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Doing Well by Doing Good? Green Office Buildings

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  • Eichholtz, Piet
  • Kok, Nils
  • Quigley, John M.

Abstract

This paper provides the first credible evidence on the economic value of the certification of "green buildings" -- value derived from impersonal market transactions rather than engineering estimates. For some 10,000 subject and control buildings, we match publicly available information on the addresses of Energy Star and LEED-rated office buildings to the characteristics of these buildings, their rental rates and selling prices. We find that buildings with a "green rating" command rental rates that are roughly three percent higher per square foot than otherwise identical buildings - controlling for the quality and the specific location of office buildings. Ceteris paribus, premiums in effective rents are even higher - above six percent. Selling prices of green buildings are higher by about 16 percent. For the Energy-Star-certified buildings in this sample, we subsequently obtained detailed estimates of site and source energy usage from the U.S. Environmental Protection Agency. Our analysis establishes that variations in the premium for green office buildings are systematically related to their energy-saving characteristics. For example, an increase of ten percent in the site energy utilization efficiency of a green building is associated with a two percent increase in selling price - over and above the 16 percent premium for a labeled building. Further calculations suggest that a one dollar saving in energy costs from increased thermal efficiency yields roughly eighteen dollars in the increased valuation of an Energy-Star certified building.

Suggested Citation

  • Eichholtz, Piet & Kok, Nils & Quigley, John M., 2009. "Doing Well by Doing Good? Green Office Buildings," Berkeley Program on Housing and Urban Policy, Working Paper Series qt507394s4, Berkeley Program on Housing and Urban Policy.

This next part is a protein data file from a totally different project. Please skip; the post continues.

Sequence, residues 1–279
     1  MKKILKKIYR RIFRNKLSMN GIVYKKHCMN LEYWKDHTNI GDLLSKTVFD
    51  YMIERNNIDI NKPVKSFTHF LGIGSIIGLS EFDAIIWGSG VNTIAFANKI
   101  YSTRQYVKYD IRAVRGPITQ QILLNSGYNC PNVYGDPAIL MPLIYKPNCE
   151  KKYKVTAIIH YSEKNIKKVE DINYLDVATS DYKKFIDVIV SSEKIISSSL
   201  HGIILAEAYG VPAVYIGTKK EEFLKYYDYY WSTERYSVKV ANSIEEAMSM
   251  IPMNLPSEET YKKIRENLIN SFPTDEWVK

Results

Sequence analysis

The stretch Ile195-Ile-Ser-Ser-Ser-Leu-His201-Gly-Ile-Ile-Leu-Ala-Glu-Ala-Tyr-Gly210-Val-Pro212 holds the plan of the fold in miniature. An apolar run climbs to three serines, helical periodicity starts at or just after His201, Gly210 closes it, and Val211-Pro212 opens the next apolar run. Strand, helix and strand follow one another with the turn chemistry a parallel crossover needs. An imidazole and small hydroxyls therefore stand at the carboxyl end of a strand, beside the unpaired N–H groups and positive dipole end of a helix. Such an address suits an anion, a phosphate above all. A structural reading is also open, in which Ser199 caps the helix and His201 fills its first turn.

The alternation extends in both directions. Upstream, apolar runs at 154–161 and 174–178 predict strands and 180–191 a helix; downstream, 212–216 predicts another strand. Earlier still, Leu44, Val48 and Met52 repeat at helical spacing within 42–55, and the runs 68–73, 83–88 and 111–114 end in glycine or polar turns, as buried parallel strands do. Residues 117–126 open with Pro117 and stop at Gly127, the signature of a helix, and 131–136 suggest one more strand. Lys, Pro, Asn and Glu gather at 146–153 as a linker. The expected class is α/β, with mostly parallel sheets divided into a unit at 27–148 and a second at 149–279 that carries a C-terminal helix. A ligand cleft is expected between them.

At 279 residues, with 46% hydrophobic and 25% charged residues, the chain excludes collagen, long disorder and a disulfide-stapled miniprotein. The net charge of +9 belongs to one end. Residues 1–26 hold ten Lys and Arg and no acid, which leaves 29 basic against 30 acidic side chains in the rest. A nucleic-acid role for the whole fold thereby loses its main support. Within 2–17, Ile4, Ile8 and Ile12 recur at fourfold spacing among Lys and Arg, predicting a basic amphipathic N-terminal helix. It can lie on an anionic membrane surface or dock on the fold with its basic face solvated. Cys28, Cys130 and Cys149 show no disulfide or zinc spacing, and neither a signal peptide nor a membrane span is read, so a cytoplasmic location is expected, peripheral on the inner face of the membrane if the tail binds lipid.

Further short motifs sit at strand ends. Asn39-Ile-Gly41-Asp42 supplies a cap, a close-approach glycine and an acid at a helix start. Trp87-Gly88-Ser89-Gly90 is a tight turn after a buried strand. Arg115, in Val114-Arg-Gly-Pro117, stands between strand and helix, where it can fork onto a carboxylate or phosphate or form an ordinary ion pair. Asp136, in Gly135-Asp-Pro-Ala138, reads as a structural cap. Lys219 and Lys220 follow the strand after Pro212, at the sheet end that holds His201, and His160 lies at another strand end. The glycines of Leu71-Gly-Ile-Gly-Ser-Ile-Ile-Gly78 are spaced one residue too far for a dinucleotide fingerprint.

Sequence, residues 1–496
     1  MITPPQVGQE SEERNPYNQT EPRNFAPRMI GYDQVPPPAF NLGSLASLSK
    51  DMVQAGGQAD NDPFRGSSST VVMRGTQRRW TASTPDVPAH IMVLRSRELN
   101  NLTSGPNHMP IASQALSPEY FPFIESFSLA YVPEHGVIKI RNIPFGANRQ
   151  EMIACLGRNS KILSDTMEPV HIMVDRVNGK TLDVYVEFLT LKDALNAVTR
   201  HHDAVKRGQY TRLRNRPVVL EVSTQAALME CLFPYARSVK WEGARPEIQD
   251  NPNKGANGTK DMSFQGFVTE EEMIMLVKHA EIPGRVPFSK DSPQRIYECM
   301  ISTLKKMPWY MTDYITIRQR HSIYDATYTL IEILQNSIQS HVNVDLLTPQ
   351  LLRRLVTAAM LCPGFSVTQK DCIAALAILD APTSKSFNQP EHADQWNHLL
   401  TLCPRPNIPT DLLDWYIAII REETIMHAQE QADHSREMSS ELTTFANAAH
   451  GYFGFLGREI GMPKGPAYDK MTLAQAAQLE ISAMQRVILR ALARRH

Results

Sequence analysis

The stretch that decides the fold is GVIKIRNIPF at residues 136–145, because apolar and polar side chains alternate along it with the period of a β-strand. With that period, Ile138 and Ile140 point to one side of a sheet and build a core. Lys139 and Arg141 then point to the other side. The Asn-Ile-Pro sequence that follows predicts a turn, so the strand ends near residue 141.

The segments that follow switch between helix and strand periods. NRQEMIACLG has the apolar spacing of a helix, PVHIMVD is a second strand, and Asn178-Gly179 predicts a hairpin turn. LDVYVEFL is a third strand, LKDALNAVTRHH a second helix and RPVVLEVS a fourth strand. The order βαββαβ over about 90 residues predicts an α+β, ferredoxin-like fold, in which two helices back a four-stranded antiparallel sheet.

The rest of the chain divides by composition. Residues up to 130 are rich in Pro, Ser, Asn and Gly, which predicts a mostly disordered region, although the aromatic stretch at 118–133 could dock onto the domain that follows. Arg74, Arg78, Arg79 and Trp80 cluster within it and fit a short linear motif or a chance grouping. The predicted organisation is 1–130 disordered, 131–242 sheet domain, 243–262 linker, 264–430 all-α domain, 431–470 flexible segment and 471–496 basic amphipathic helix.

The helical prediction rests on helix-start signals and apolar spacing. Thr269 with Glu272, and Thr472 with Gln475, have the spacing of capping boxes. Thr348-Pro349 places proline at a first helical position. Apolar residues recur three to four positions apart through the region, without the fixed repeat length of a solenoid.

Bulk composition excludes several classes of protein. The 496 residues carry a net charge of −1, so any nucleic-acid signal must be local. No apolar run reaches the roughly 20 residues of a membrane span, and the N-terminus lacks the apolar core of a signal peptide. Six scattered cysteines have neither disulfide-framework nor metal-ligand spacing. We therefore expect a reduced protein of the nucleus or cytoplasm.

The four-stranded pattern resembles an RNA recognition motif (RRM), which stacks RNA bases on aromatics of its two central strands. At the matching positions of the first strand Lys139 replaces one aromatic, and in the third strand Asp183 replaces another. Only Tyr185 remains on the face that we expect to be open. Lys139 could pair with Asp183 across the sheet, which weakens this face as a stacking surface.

• Handle: RePEc:cdl:bphupl:qt507394s4
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    References listed on IDEAS

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    1. John M. Quigley, 1991. "MARKET INDUCED AND GOVERNMENT MANDATED ENERGY CONSERVATION IN THE HOUSING MARKET: Econometric Evidence from the U.S," Review of Urban & Regional Development Studies, Wiley Blackwell, vol. 3(1), pages 28-38, January.
    2. Piet Eichholtz & Nils Kok & John M. Quigley, 2013. "The Economics of Green Building," The Review of Economics and Statistics, MIT Press, vol. 95(1), pages 50-63, March.
    3. Eichholtz, Piet & Kok, Nils & Quigley, John M., 2010. "Why Do Companies Rent Green? Real Property and Corporate Social Responsibility," Berkeley Program on Housing and Urban Policy, Working Paper Series qt7br1062q, Berkeley Program on Housing and Urban Policy.
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    More about this item

    Keywords

    Social and Behavioral Sciences;

    JEL classification:

    • G31 - Financial Economics - - Corporate Finance and Governance - - - Capital Budgeting; Fixed Investment and Inventory Studies
    • M14 - Business Administration and Business Economics; Marketing; Accounting; Personnel Economics - - Business Administration - - - Corporate Culture; Diversity; Social Responsibility
    • Q52 - Agricultural and Natural Resource Economics; Environmental and Ecological Economics - - Environmental Economics - - - Pollution Control Adoption and Costs; Distributional Effects; Employment Effects
    • R33 - Urban, Rural, Regional, Real Estate, and Transportation Economics - - Real Estate Markets, Spatial Production Analysis, and Firm Location - - - Nonagricultural and Nonresidential Real Estate Markets

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